We need more than just personal support throughout the lifetime of our sons and daughters with Williams syndrome. We need top quality, up to date information, and a team of professionals in our personal “village” as well. Throughout the years, print, audio and video resources on Williams syndrome have become more and more prevalent. They contain much better information about Williams syndrome than they did just a few years ago. The WSA works hard to insure that we are updating information and adding new resources as frequently as possible, as well as forming partnerships with professionals with extensive experience on Williams syndrome. When there is not a professional in your community to call in, we can call on the WSA professional advisory board to help. The website, conventions and events should be early and frequent stops along the way to help create that special “village” for your son or daughter and your family.
Resources are not just important to provide help for the challenges of Williams syndrome. Our family and friends, and their family and friends, along with the resources they have, can help make dreams come true for our sons and daughters as well. Each time we enroll our child in a new program associated with something they love, or simply introduce them to a friend or associate, we provide our children with opportunities to meet new people and work their own special magic. Their endearing and enthusiastic personalities have a way of leaving a lasting impression. Similarly, the joy that comes to our faces as we tell someone about our child and the things that they love, or the pain that is clear when we speak of an upcoming procedure can often open doors when we least expect it. With each of these experiences we are opening the possibility of making a connection that will lead to the special help we needed or perhaps an amazing opportunity for our child. A special friend who will take them under their wing, a connection that someone has to attend the concert of a beloved band or even meet them personally, an opportunity to “sit in” with professional musicians, or in our case, become a “Shrine Clown” for a day. Each day we receive stories from our members about these unexpected and incredible moments and gifts. Often just the thought of them brings tears to my eyes - So many magical moments that we never imagined were made possible by special friends and their personal connection and love for our children.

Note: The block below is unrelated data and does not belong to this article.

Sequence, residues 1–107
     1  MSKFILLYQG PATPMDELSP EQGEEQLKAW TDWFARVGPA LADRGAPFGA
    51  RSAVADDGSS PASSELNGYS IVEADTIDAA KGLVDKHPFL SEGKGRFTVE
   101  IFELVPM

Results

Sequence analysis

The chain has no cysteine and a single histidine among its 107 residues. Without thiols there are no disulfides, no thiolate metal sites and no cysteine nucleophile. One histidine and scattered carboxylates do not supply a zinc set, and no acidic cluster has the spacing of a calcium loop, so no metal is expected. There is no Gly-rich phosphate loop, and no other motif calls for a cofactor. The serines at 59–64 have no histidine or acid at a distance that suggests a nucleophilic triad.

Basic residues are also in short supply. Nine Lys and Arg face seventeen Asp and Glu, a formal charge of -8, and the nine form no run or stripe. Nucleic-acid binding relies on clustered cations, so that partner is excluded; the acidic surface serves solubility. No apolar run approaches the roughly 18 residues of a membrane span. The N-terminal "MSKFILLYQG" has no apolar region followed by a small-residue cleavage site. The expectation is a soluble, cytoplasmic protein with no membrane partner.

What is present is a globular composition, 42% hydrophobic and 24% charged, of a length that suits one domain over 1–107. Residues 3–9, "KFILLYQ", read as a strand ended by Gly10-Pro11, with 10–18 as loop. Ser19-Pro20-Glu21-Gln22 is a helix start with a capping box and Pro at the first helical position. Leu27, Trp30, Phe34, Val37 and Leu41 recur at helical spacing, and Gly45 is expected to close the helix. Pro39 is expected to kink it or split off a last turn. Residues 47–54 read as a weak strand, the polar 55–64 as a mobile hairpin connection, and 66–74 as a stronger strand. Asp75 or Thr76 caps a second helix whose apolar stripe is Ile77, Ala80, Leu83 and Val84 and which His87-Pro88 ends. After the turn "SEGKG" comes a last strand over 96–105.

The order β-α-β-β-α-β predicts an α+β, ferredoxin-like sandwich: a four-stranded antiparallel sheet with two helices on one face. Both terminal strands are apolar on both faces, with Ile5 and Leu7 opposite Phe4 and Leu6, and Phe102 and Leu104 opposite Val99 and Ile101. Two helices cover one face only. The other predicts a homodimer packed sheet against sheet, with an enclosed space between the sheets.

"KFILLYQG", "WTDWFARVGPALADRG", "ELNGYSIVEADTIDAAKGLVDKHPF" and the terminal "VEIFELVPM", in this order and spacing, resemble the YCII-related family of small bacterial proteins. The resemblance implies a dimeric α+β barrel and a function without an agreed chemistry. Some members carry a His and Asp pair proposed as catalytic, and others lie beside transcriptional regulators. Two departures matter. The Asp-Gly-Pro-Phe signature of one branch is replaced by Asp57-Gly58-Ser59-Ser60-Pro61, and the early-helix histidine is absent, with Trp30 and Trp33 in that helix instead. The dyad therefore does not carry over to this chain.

To be a member of just one family, or one community is not enough when you are dealing with the complexities of Williams syndrome. Knowledge, and resources – personal, professional, and informational, will make the journey we are on far less daunting and far more rewarding. It takes a village to insure successful navigation of the challenges of Williams syndrome and insure a self-directed, satisfying and successful future for our children.